The cooler temps were great for my soul, but they apparently stirred up something that has me singing baritone today. That means I’m going to need to whip up a batch of soup stat and today I wanted to share with you just how I do it because from now until May, I’ll be making a pot of soup, stew, chili or beans at least once a week.
I’ve been winging it on soup making for so long that it’s second nature to me and once you have the basics down, you’ll be creating your own combos in no time flat.
STEP ONE: It’s all about that base. More often than not I start with chicken stock which I sometimes make in my pressure cooker and freeze. When I don’t have that, I choose either a boxed stock from the store or I use a soup base like this one mixed with water. In a pinch I’ll use bullion but it’s a last resort. Beef stock, leftover spaghetti sauce, V8, a combo of leftover gravy and tomato sauce (thinned with water so it’s not too thick), or a vegetable stock can be used as well. After I add all my other ingredients, I’ll top my soup pot off with water to reach the 6 quart mark.
STEP TWO: To meat or not to meat? More often than not, if I’m putting meat in my soup it was left over from earlier in the week. Leftover taco meat, a couple of chicken breasts, some roast beef, a pork chop or two, or some smoked sausage can be cubed and thrown in the pot. If you don’t have leftovers and want to add meat, cook it first so it won’t slow down your soup-making. (The exception is stew and I’ll share my favorite stew recipe with you a little later.)
STEP THREE: Veggie time! Okay so now you just start throwing in veggies. My go to veggies are onion, celery, carrots, and a pepper of some kind. This will go in all of my soups and if I’m making a chicken noodle or chicken and rice, I’ll probably stop there. If I’m making a vegetable soup I’ll keep going. Think about what you’ve already got going and build on that. If I’m using leftover spaghetti sauce as my base I’m going to think about veggies that work with Italian: cannellini, Italian green beans, zucchini, and/or chopped spinach would work well. Taco meat works with black or pinto beans, corn, rotel tomatoes, chilies, Mexican or yellow squash, bell peppers, and/or jalapenos are all good choices. With pork I might add, chilis, sweet potatoes, lime, peppers, and hominy. For a regular vegetable soup, I’ll clean out the fridge with peppers, squash, corn, green beans, peas, beans, and cabbage. (I keep bags of mixed vegetables in the freezer and I’ll dump one of those in if I’m tired of chopping or don’t have quite enough produce to fill the pot.) I add at least 4 cups of veggies to my 6 quart pressure cooker, usually more.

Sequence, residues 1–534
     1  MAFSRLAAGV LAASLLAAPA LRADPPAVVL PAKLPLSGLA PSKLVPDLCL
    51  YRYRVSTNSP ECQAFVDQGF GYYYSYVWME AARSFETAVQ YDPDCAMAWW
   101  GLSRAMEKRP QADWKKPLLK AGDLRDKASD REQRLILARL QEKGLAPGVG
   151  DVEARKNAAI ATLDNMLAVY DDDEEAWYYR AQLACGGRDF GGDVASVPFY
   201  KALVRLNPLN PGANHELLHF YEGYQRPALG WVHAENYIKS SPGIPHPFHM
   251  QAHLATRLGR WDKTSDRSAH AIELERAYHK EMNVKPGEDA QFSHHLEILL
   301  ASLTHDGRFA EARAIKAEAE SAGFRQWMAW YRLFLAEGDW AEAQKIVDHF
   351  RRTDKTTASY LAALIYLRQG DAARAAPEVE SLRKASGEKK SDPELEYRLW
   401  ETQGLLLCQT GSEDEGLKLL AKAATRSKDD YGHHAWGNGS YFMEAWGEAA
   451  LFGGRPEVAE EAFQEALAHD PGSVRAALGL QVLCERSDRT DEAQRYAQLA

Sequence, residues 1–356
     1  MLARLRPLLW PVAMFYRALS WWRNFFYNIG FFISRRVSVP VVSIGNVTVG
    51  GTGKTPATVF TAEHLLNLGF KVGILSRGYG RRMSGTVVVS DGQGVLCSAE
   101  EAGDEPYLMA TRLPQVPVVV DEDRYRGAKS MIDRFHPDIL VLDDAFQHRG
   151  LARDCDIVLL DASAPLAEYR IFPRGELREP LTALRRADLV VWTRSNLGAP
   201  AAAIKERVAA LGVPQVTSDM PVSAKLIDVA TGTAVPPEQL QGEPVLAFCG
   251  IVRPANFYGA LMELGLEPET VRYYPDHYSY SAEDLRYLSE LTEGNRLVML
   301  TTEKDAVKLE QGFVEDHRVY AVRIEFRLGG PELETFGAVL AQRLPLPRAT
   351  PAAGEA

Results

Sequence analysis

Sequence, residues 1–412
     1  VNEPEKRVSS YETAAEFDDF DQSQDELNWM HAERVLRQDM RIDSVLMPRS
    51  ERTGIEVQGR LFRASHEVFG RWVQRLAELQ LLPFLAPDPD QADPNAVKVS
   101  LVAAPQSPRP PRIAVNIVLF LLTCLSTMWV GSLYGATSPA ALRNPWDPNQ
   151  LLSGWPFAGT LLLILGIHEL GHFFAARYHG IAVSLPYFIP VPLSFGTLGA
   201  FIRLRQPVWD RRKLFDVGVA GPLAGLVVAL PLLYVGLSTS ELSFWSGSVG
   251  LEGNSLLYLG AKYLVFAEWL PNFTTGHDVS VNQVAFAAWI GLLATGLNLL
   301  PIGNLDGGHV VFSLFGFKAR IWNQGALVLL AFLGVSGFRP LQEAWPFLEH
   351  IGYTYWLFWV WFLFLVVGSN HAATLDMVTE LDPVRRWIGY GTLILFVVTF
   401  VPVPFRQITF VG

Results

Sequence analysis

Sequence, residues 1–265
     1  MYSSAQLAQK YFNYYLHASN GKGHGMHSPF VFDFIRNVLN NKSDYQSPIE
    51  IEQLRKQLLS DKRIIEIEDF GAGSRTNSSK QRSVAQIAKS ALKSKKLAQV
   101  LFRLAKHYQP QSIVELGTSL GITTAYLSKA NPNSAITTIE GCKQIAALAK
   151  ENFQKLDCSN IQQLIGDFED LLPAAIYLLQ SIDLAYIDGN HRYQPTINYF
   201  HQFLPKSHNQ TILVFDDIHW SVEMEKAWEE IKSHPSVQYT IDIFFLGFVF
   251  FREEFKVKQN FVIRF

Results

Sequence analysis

STEP THREE POINT FIVE: Starches. If you want to add potatoes add that to the soup mix to cook with the other ingredients. For rice or noodles, I’d prep those separate from the soup so I can control the cooking. Just follow the instructions on the package. If you have leftovers, throw them in at the end of cooking time so they don’t over cook and fall apart. (I rarely add starches to my soup because those are foods we eat in moderation. I add extra beans to add protein and fiber and honestly I rarely miss the noodles.)
STEP FOUR: Cook it up. If you’re cooking soup on the stove top, you can add your herbs and spices now, but I use an electric pressure cooker so I add a tablespoon of fresh minced garlic (which I buy in a jar because who has time to mince garlic?) during the cooking. I add my spices at the end of the cooking process because I’ve read that some herbs and spices lose their umph if cooked with the soup. This means that the soup may well taste better on day two than it did on day one since the flavors will meld overnight. In the pressure cooker, I cook 4 minutes on high pressure with a quick release. On the stove, just cook on med/high until veggies are soft.
STEP FIVE: Spice it up! I love the spice blends we get at Penzy and Mural of Flavor is my go-to. I add a tablespoon or more to pretty much everything. Big Daddy always always always adds extra salt and oregano. Thyme and poultry seasoning are great in chicken soups. Taco seasoning and ranch dressing mix taste GREAT in a Mexican soup and I LOVE cumin but make sure to add and taste as that can get away from you if you’re not careful. Italian seasoning will make your Italian soup sing. For vegetable soup, you can add all kinds of herbs with great results. Basil, oregano, garlic chives, thyme and rosemary are some of our favorites. (If you feel like your soup is too thin and you’d like a thicker base, the easiest way to do that is to add a slurry. Mix 2 tablespoons of cornstarch in cold water and stir that into your soup. That should thicken it right up.)
STEP SIX: Add a garnish or a side. Soup goes great with breads, sandwiches or salads. You can add croutons, tortilla strips, crackers, sour cream, shredded cheese, parm, or pico de gallo.
STEP SEVEN: Enjoy! I’m betting if you’ll just jump in and try some homemade soup, you’ll kick the can for good.
Have a thoroughly tremendous Thursday, y’all!